American Marketer


Prioritize ecommerce photography over social media content

September 21, 2017

Gilles Rousseau is senior vice president of sales and marketing at Splashlight Gilles Rousseau is senior vice president of sales and marketing at Splashlight


By Gilles Rousseau

Branded content has exploded on social media to a point where it has become a well-established marketing channel that can play well for brand and product awareness.

As a reference, from 2012 to 2015, the number of brands posting new content weekly on Instagram grew from 40 percent to 80 percent, according to a 2015 Instagram Industry Report. The same report shows that the number of top apparel brands posting new content on Instagram more than 50 times per month doubled from 2014 to 2015.

The explosion of branded content on social media is a well-known phenomenon. However, its influence in the context of a purchase-decision driver has been less debated and quantified.

To help brands and retailers assess the influence of social media content and ecommerce product photography, Splashlight and Google conducted a survey asking United States consumers about their online shopping habits. Here are some highlights from the survey:

 37.9 percent of U.S. online consumers report that social media content has little influence on their purchase decision and 33.7 percent report that it has no influence at all

 47 percent of U.S. online consumers rate high-quality product images as the most influential factor when considering a product purchase from a specific brand

 50.5 percent of U.S. online consumers would like to see a minimum of three to five product photos – front, back, side – and 26.5 percent of consumers would prefer six-plus minimum photos of front, back, side, 360 degree and close-up before they consider making a purchase

The above data points demonstrate that both quality and quantity of ecommerce product photography are the most crucial influencers in driving purchase decision.

On the same page?
The influence of ecommerce photography on online purchase decision can be explained by the following factors.

In the eyes of the consumer, product photography is the most effective way to convey the truth of a product when shopping digitally.

For instance, in the case of apparel, product photography best communicates details, fit, color, wearability and movement.

When viewing visual content during an ecommerce shopping experience, a brand’s product page tends to be more user-friendly than a social media platform such as Instagram.

For instance, on a product page, the consumer can easily explore multiple views of a product, zoom-in to view fine details, toggle between color options, and make side-by-side comparisons with other products.

Increasingly, product pages also enable consumers to shop the look and interactively mix-and-match product styling.

While it is possible for a brand to use Instagram’s multiple-image feature and zoom-in capabilities to showcase the fine details of a product on the social platform, Instagram is better suited toward organic storytelling rather than transaction.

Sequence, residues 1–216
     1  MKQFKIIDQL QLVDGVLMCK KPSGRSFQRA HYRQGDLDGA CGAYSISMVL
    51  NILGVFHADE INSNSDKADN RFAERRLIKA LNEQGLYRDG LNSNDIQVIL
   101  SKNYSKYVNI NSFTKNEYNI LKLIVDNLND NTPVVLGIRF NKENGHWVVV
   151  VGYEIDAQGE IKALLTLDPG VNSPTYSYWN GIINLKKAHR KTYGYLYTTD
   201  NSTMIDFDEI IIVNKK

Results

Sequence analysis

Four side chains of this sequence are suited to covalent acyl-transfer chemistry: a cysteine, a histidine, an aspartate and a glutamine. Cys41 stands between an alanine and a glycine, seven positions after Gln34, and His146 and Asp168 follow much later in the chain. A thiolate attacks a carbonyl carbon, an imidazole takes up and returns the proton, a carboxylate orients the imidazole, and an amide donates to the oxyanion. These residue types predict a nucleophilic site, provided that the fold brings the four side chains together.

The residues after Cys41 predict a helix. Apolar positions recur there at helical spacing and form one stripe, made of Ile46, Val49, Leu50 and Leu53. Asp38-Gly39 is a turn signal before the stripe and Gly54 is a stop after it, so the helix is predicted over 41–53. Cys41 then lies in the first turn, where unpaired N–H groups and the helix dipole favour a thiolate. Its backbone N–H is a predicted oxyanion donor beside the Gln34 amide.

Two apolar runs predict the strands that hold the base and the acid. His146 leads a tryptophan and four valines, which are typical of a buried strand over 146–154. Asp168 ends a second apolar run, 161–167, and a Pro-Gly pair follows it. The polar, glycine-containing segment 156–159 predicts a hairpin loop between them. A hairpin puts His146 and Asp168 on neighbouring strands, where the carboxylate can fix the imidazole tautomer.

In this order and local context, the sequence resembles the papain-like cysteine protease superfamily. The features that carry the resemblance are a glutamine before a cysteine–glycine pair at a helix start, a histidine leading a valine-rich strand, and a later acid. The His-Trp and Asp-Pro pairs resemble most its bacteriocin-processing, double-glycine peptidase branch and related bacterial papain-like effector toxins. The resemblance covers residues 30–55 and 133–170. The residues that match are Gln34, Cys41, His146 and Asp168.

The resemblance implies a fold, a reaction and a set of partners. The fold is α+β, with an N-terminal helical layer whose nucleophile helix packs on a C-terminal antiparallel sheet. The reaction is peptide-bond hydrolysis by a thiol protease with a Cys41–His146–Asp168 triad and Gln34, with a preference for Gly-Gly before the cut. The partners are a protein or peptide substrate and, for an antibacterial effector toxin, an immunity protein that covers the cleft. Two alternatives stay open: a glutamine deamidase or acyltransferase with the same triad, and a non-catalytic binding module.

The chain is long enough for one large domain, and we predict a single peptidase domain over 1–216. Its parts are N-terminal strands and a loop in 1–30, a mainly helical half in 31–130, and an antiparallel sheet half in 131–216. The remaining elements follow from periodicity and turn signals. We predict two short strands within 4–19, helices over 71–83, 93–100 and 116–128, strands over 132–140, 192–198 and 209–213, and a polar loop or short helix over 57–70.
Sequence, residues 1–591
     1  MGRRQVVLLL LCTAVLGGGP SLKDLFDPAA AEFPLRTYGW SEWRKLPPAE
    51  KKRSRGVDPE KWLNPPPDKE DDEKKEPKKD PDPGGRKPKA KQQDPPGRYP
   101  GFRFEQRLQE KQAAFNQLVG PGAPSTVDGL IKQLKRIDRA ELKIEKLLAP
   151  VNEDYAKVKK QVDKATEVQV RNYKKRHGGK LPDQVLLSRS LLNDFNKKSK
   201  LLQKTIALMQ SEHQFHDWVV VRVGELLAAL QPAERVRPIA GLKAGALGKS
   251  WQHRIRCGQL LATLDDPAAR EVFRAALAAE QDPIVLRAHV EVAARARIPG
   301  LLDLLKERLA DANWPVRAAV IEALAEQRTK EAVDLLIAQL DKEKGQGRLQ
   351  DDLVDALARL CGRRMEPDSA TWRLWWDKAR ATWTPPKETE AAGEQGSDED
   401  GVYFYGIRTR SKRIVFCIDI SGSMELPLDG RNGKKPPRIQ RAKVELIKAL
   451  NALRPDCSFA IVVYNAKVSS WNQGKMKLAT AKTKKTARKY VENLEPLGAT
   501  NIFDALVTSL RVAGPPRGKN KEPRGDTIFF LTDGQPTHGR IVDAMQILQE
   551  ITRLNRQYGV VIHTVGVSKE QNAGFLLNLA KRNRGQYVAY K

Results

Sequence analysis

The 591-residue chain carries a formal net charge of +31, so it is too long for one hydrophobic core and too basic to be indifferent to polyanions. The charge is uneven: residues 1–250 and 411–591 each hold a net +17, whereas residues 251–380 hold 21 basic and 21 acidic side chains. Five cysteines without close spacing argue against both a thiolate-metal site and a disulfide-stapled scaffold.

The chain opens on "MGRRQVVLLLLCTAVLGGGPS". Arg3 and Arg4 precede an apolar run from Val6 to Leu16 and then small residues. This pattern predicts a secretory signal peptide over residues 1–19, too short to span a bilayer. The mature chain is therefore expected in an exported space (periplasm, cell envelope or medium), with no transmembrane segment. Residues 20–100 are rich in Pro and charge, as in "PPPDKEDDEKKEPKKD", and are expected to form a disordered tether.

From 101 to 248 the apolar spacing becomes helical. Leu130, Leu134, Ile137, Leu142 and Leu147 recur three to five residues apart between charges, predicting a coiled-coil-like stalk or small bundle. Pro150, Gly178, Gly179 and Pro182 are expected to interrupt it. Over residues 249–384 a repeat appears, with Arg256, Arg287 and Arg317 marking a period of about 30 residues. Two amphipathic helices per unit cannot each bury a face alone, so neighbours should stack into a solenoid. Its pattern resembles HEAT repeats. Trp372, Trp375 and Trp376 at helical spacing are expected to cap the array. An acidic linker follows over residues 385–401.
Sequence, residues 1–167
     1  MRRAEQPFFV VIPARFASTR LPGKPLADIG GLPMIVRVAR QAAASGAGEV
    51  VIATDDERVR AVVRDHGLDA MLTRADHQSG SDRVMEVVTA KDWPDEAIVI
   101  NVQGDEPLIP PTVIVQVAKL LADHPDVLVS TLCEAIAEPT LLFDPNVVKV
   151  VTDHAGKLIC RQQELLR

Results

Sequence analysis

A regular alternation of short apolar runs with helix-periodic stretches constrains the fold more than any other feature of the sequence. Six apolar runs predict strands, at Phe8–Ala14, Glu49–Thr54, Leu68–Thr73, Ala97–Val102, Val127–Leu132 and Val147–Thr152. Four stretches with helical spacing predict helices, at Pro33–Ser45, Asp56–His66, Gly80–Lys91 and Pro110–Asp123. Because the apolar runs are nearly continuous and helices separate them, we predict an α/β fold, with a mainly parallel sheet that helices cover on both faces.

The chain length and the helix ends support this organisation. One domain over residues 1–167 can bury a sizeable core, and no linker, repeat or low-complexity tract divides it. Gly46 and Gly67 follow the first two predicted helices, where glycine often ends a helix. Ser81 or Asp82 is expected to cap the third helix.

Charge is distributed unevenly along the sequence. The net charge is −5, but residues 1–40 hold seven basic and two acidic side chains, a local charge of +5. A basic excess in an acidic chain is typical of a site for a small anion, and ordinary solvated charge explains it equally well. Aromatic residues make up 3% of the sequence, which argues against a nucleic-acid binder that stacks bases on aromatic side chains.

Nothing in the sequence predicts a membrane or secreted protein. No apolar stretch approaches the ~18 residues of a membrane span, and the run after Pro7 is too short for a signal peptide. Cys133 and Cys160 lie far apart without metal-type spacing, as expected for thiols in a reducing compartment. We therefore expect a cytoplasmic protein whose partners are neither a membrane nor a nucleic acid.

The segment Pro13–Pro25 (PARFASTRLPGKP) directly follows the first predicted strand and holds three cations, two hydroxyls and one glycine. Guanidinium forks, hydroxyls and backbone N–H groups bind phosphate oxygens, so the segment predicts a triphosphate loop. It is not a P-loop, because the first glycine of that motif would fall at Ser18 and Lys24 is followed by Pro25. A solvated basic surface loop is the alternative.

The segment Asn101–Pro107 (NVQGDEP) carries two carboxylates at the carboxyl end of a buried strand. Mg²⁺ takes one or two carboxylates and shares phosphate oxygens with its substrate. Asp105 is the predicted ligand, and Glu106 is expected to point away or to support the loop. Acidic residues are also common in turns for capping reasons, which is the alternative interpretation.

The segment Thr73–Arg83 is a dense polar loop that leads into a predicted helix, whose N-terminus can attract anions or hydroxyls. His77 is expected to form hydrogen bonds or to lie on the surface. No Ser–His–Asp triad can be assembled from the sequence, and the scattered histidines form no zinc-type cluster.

Bigger picture
The type of social media content that tends to be most engaging for brands and retailers, such as editorial and user-generated content, is successful in building brand awareness. However, this type of content is visually far behind the standard of product photography that is essential to convert a purchase.

Even though we see the emergence of ecommerce capabilities on social media platforms such as Instagram and Snapchat, the user experience is still clunky.

According to L2’s Intelligence Report, 64 percent of brands that implemented the social commerce feature have reported zero sales lift.

Finally, the blogger and influencer sphere that dominates the social media landscape has become crowded. Consumers are bombarded by sponsored posts and paid branded content. This creates a transparency and credibility issue for consumers who may be compelled to cut through the noise, and seek brands and retailers’ product photography as the ultimate reliable reference for purchasing a product.

Nevertheless, brands and retailers should not give up on social media as a marketing and brand awareness strategy. But its investment should not be at the expense of ecommerce product photography.

Considering the influence of product photography for online conversion, brand and retailers should focus more on scaling and elevating their online product photography that is proven to generate more sales and reduce returns – a pain point for retailers, when at least 30 percent of all products ordered online are returned, according to Invesp’s 2016 infographic.

More importantly, as brands and retailers are facing a massive wave of commoditization and consolidation dictated by Amazon and fast retail, product photography provides the best ROI to create differentiating, personalized and aspirational content.

I WILL CONCLUDE with an anecdote. During a recent presentation, I showed product photography for a trench coat shot on model. I then asked the audience to guess the brand.

The audience unanimously guessed that it was shot for Burberry. They were amazed to learn that the coat was, in fact, shot for Target’s Web site.

Gilles Rousseau is senior vice president of sales and marketing at Splashlight, a New York-based visual content creation company. Reach him at